You are currently browsing the daily archive for November 26, 2011.
Something terrible happened to your credit card. It kind of slipped away from my wallet into the cashier’s hands… multiple times. But you are happy when I’m happy, right? And I got mom something nice, so that hopefully, at least she doesn’t ask for more for a while.
Your only daughter
Black Friday is the day after Thanksgiving and it marks the beginning of the Christmas shopping season – with insane discounts! Hundreds of people camp outside the major shopping malls the night before and rush in the stores as soon as they open doors. This year, the Boston Cambridge Side Galleria opened at 1am!
My friends and I are not the extreme type, so we went shopping at 11am and still found the mall packed! “40% off until 1pm”, “Buy One Get One Free”, “2 for $30, 4 for $45”, “The More You Get, The Bigger the Discount” are only some of the attractive signs that lured us into one store after the other!
No wonder why this day is called Black! We finished shopping at 4pm, completely physically and financially exhausted! Long Live American Marketing!
It’s not easy to be an international student in the States on Thanksgiving. They kick you out of the dorm for 5 days, all of your friends scatter to their respective places of origin, and you have to be very creative in finding what to do.
My strategy has been to try to be as traditional American as possible in order to experience the culture. Funny how that turned out!
Thanksgiving 2008: Three-and-two-halves Bulgarians and one turkey
The Grosse family was so kind to invite me and two other Bulgarians to their home in New Jersey over the Thanksgiving break. The Grosses used to live in Bulgaria and their daughters, the two half-Bulgarians as I like to call them, went to my high school in Sofia. So in 2008, they got together me and two other girls from that school who currently go to college on the East Coast. For dinner, we had all the ingredients of an American Thanksgiving Feast, but prepared the German way – potato dumplings, sauerkraut (German red cabbage), turkey breast (without stuffing), mama Grosse’s secret saus, all sorts of delicious German pastry (with strudels instead of pies), and of course, Bulgarian Red Wine Tcherga. My cultural experience was further enriched with Black Friday shopping in the Short Hills Mall.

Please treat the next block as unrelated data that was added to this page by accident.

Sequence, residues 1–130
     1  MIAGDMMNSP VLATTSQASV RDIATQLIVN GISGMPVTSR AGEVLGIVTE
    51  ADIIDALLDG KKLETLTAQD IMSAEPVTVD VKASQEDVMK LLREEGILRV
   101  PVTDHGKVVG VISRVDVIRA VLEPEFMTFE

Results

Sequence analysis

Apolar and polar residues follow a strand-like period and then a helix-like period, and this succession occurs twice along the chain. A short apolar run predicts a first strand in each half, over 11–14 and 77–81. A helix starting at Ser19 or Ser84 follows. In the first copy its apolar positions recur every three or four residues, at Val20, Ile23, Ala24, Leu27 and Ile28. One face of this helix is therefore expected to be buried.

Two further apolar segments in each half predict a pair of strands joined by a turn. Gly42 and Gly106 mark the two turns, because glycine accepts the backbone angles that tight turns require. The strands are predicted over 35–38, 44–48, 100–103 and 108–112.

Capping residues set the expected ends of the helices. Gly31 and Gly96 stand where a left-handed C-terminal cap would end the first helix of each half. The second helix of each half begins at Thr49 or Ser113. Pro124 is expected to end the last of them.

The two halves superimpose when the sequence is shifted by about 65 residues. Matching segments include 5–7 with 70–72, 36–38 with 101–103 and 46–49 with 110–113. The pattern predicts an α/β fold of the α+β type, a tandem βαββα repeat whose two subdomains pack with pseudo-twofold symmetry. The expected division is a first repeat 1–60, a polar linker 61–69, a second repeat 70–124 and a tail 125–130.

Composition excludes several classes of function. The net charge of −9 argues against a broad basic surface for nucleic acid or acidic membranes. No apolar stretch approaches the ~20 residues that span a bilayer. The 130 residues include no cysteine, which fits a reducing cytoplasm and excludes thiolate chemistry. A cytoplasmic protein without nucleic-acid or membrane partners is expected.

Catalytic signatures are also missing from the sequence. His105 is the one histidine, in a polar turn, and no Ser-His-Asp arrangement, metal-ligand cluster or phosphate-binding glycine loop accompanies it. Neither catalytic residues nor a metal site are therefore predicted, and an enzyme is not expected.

Thanksgiving 2009: Disney World, Orlando
Another not-so -typical holiday, I guess. Timmy and I went to Orlando, FL, where we spent the day riding on roller coasters, trying to get out of haunted houses, and spinning on all sorts of carousels. We saw a mini-city made up entirely of Christmas Lights, but didn’t really experience anything particularly Thanksgiving-ly other than the roasted turkey leg on the bone that Timmy and I devoured.
Thanksgiving 2010: Plymouth, It Can’t Get More American Than That
Now this was the epitome of Thanksgiving! We were in Plymouth, MA, where the Mayflower dropped anchor. We saw the Plymouth rock, which marks the symbolical spot where the pilgrims landed and the “Plimoth Plantation”, which is a living history museum. At the Plantation, we visited a 17th century English village that recreates the way the pilgrims lived. There are costumed actors who have adopted the roles of actual historical figures and pretend that it is still 1627. So when I told them that I am from Bulgaria, they asked me how things were in the Ottoman Empire! Their historical knowledge was impressive! The other part of the Plantation is the Wampanoag Homesite where you can meet real Native People and talk to them about their culture and history from a modern perspective. Finally, I had a very American, very lovely Thanksgiving lunch with Timmy’s family : with a house full of bubbly relatives, mountains of food, and football! Exactly as Thanksgivign should be!
Read more about my meeting with Timmy’s family here.
Thanksgiving 2011: The Middle Eastern Version
My roommates and I organized a pretty interesting semi-traditional feast for our friends. (Actually, Emma, who started preparing the turkey three days earlier and woke up at 7am to start cooking that day, should get all the credit. I simply decorated the living room with real fallen leaves, but then it ended up in vain because our oven exploded the night before and we eventually had to move the party to a different apartment, the so-called “Arabs’ place”.) So, Emma ended up cooking for 30 people, most of whom were… Arabs! She invited all of us to hold hands and say what each of us is grateful for. Then we all sat down on the floor, Americans, Pakistani, Saudi, Bulgarian, German, and Chinese (in front of the American and Saudi Arabian flag?!), and had the most international Thanksgiving dinner so far!
So I am pretty sure that I now fully grasp the meaning of Thanksgiving! This holiday is about bringing people together and allowing them to share a beautiful experience like one big family! Cheers!